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January 26, 2009

UK may get broadband tax


by David Allen

The UK music and entertainment industry must have been taking notice the Isle of Man government’s plans to introduce a tax, in an attempt to satisfy all parties with regards to the downloading of music.

The International Federation of the Phonographic Industry (IFPI) estimates that around forty billion illegal music files were shared during 2008.

They are proposing that a broadband tax should be introduced in the UK to help fund the losses made as a result of this practice.

The government’s communications minister, Lord Carter, is believed to have taken this on board but, in his report on digital Britain, he is still likely to layout plans that mean internet service providers will have to hand over customers details in order for legal action to take place against them.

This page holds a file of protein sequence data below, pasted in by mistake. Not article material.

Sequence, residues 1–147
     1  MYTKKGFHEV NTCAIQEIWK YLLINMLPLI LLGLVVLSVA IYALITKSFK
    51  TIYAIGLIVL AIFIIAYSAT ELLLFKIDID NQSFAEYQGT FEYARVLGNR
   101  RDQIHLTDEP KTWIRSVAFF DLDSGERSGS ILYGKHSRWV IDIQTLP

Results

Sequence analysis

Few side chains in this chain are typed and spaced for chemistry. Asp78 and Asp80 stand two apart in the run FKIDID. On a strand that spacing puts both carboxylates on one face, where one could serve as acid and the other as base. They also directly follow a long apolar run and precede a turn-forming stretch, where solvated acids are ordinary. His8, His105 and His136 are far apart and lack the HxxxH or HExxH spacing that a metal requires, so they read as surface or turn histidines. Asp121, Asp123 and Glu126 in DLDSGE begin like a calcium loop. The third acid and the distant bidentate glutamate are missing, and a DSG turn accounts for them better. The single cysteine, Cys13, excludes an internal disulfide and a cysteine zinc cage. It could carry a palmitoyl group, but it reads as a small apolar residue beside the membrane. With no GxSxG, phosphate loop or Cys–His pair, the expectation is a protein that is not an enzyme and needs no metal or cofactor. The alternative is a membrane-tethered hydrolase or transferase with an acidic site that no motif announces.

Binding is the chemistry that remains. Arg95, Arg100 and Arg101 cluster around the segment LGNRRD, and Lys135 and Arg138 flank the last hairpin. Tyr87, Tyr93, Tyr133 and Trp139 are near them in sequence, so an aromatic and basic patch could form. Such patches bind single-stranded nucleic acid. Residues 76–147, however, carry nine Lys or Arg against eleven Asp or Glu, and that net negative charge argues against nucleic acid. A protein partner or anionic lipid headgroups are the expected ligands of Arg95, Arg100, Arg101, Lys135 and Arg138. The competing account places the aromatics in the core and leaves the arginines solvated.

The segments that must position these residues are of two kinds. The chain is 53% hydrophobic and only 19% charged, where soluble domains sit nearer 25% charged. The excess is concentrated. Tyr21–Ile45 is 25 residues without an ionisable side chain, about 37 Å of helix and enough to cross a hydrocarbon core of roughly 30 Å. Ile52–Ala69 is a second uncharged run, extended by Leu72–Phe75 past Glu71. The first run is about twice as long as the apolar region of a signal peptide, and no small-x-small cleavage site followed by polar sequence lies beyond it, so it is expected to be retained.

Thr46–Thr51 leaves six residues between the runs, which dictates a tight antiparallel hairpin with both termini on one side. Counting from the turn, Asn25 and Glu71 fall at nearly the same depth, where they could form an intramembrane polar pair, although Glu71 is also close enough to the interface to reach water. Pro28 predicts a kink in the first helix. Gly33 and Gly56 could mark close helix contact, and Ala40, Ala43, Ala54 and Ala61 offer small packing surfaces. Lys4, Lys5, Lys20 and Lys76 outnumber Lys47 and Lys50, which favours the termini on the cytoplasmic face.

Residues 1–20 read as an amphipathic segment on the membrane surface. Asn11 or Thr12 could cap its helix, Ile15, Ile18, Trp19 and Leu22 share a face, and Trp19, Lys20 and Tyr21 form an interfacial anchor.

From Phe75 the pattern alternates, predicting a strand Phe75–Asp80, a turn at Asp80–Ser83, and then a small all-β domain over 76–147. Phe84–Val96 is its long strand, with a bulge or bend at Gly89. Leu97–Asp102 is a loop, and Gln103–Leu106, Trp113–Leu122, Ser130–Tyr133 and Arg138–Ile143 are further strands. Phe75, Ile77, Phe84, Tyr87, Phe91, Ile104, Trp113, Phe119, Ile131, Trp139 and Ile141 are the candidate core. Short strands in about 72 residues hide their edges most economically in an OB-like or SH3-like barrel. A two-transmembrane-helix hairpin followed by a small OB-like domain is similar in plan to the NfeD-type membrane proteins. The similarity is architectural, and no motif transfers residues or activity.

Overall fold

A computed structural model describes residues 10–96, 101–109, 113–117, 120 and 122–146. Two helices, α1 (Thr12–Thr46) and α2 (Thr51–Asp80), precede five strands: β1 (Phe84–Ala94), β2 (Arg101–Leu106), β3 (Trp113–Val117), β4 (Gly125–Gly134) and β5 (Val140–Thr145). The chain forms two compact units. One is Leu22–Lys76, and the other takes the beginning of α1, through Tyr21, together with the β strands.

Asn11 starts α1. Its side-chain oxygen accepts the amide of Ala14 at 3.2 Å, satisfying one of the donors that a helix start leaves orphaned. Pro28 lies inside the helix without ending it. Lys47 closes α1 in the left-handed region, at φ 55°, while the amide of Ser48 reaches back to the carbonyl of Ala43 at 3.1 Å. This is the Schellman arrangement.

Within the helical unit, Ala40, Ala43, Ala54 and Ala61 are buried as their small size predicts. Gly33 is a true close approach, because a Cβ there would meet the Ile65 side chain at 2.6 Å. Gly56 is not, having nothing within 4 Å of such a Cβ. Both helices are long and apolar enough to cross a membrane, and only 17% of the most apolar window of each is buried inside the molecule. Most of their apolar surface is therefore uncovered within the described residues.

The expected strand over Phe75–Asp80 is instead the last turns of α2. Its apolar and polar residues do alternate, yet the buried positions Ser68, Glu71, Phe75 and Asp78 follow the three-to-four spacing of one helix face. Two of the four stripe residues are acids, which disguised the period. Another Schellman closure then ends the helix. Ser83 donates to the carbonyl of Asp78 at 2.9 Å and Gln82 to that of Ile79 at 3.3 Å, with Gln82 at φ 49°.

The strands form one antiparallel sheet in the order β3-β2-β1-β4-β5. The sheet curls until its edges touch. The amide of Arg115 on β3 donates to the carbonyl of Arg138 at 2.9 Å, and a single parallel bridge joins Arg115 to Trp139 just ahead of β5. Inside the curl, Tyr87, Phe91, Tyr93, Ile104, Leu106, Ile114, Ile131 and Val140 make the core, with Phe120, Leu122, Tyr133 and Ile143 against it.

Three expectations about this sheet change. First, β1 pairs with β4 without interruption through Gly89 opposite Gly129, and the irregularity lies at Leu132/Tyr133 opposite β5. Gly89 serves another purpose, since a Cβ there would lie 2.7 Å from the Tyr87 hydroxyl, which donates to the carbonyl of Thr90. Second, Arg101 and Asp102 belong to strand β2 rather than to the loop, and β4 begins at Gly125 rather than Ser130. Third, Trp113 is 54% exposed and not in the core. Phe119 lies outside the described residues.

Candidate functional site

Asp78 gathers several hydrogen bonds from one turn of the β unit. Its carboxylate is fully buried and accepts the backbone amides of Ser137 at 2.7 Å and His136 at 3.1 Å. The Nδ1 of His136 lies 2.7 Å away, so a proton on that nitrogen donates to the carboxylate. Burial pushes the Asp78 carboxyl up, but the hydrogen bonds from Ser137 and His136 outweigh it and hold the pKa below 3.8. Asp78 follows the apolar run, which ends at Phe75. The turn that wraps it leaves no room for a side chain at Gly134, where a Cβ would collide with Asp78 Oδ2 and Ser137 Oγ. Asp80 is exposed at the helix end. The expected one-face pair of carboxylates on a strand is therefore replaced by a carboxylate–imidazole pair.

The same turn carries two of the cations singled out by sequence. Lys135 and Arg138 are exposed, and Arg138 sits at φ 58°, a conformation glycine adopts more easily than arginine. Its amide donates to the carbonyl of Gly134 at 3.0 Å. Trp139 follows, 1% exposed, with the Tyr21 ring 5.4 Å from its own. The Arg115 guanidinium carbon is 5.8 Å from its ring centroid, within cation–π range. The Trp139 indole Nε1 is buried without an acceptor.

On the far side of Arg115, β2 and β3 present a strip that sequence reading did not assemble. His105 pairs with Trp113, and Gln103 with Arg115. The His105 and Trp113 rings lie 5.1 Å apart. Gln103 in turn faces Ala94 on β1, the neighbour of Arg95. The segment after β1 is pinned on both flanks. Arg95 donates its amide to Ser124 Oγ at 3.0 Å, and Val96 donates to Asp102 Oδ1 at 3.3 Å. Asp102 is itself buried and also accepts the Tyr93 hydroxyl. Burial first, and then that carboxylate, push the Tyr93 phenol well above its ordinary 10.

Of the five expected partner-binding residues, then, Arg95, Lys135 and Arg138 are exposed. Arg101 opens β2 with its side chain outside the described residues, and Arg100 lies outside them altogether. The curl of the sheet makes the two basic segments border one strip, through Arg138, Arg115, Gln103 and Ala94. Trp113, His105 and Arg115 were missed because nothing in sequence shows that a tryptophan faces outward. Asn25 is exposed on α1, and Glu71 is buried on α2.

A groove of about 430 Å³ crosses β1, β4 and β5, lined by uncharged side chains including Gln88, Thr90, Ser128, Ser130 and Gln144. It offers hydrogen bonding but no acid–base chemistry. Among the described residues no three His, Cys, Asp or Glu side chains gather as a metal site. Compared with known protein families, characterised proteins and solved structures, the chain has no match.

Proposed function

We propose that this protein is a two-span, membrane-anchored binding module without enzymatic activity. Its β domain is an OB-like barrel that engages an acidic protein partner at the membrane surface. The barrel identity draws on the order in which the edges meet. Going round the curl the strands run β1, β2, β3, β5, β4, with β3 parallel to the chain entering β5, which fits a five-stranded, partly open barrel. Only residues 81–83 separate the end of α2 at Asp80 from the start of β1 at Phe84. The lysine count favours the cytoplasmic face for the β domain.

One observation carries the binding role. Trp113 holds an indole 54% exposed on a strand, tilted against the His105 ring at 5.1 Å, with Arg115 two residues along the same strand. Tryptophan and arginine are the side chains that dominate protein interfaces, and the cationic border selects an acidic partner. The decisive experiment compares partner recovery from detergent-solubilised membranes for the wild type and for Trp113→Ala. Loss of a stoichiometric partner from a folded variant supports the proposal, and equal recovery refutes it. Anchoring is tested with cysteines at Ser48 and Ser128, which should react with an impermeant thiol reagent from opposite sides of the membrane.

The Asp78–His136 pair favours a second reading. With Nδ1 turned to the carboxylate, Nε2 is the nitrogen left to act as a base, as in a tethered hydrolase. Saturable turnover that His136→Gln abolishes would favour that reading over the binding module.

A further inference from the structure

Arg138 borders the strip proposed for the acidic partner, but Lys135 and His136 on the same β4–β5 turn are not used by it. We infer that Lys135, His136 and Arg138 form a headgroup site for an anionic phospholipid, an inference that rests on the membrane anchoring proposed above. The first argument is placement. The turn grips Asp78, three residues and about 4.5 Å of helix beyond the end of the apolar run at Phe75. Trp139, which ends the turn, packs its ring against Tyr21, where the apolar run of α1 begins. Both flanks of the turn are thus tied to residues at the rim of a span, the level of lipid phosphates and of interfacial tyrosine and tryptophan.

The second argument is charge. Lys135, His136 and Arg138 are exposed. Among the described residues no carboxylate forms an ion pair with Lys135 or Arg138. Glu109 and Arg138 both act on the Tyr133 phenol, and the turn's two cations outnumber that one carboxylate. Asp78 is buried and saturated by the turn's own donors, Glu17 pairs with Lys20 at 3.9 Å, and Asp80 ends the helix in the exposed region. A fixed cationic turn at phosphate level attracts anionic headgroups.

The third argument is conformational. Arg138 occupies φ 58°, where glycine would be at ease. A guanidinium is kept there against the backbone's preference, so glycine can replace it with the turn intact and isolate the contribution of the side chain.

Story link: UK may get broadband tax


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1 Comment »
  1. If there is to be a broadband tax, it shouldn’t be just the fat cats at the RIAA and MPAA who get our money. Instead, each individual taxpayer should have a say in where their broadband tax goes. This could be done via a system of “Content Compensation Funds” each of which would be set up to distribute money to creators for each type of content (music, films, software, etc). Each taxpayer would decide which CCF their broadband tax is channeled to.

    I’ve written about this in more detail on my blog: A broadband tax for the UK?.

    I’m not convinced that a broadband tax is the way to go, but if we are going to have one, let’s put consumers in charge, not industry fatcats.

    Comment by Cabalamat — January 27, 2009 @ 4:17 am

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